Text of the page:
Queen and Adam Lambert at Nottingham’s Motorpoint Arena were ‘ludicrously OTT, moving and magnificent’ – review, setlist, photos
‘A robot’s head came though the floor, Lambert rode a tricycle round the stage’
Make no mistake, this show was a magnificent triumph.
Of course, there will be some who’ll say this isn’t Queen, and they would have a case. Freddie Mercury has been dead for 26 years and bassist John Deacon has been retired as long. Guitarist Brian May and drummer Roger Taylor, however, keep soldiering on. For years it was even perhaps a little embarrassing.
But then they found American talent show sensation Adam Lambert. Blessed with a phenomenal vocal range and strutting the stage like a camp clotheshorse, he certainly ain’t Freddie Mercury. But he’s the closest they’ll ever get.
He even stands out against the visual effects and lights which, true to form, are ludicrously OTT. On a giant stage shaped like May’s guitar, its neck a 21-metre catwalk, the band played for two and a quarter hours, notching up 26 songs. I bet everyone reading this knows nearly all of them.
A robot’s head came though the floor, Lambert rode a tricycle round the stage and multiple live-action films, animations, lasers, explosions and confetti guns blasted the crowd. But those songs were always the stars.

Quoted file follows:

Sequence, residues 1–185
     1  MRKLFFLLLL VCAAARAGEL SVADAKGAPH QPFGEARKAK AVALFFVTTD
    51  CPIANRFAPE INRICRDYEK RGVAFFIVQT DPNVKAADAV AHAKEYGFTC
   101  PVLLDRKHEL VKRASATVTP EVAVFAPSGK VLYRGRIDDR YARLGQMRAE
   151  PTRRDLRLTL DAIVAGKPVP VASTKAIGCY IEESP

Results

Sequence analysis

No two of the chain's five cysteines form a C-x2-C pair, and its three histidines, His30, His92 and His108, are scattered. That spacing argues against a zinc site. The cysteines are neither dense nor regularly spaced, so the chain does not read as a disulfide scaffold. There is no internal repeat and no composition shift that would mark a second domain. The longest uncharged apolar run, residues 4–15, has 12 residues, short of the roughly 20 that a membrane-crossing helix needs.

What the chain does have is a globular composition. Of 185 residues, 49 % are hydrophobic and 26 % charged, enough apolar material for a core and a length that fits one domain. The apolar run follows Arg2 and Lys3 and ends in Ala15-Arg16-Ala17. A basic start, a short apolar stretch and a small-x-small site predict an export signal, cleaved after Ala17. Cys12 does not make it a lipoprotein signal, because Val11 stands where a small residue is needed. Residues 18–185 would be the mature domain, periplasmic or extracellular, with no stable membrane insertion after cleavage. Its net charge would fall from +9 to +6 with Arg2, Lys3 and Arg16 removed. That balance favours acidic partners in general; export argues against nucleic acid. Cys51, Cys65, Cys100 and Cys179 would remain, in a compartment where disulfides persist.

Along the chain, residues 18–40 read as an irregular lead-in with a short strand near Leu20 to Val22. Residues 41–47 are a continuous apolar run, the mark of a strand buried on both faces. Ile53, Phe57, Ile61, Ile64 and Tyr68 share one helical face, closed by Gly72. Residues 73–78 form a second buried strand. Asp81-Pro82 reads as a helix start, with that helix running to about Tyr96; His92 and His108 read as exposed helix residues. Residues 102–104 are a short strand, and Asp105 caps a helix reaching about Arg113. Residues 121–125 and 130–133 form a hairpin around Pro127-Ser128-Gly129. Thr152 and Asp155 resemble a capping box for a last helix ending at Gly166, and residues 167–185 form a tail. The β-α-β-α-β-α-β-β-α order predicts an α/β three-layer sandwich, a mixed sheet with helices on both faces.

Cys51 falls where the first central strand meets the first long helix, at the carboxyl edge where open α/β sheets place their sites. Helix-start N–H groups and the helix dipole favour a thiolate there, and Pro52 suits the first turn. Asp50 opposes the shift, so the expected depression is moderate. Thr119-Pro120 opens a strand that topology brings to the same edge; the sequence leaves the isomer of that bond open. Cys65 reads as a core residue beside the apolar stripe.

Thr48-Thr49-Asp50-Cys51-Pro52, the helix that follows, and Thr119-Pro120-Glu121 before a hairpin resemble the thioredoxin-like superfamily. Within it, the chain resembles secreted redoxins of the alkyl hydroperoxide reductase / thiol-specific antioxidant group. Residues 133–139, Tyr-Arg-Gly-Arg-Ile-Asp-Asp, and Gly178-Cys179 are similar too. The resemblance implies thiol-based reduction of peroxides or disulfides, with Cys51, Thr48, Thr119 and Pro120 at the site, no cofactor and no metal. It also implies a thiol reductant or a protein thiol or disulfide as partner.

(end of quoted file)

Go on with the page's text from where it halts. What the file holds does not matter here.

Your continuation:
As the robot from the cover of their 1978 LP News Of The World bashed its way through a wall, which then rose into the air to become a curved screen, the band tore off a couple of choruses of We Will Rock You before surging into Hammer To Fall, kicking off an aggressive opening stretch before lightening up with a note-perfect Killer Queen.
Lambert’s singing on Don’t Stop Me Now, Somebody To Love and Who Wants To Live Forever was awe-inspiring.
Behind him, May (70) and Taylor (68) occasionally looked their age, but never sounded it. The band – beefed up with keyboard player Spike Edney, bassist Neil Fairclough and percussionist Tyler Warren – was as sharp as the crystal clear sound mix.
And the most touching moments all came from the veterans. May led a moving singalong of Mercury’s Love Of My Life and Roger Taylor’s remarkable voice was showcased on I’m In Love With My Car, a beautifully performed Under Pressure (in which he took his friend David Bowie’s part) and a brilliant A Kind Of Magic.
They ended with Bohemian Rhapsody before ecstatic encores of We Will Rock You and We Are The Champions.
By this time the costumes were truly daft. But it had been a right royal celebration. God save them.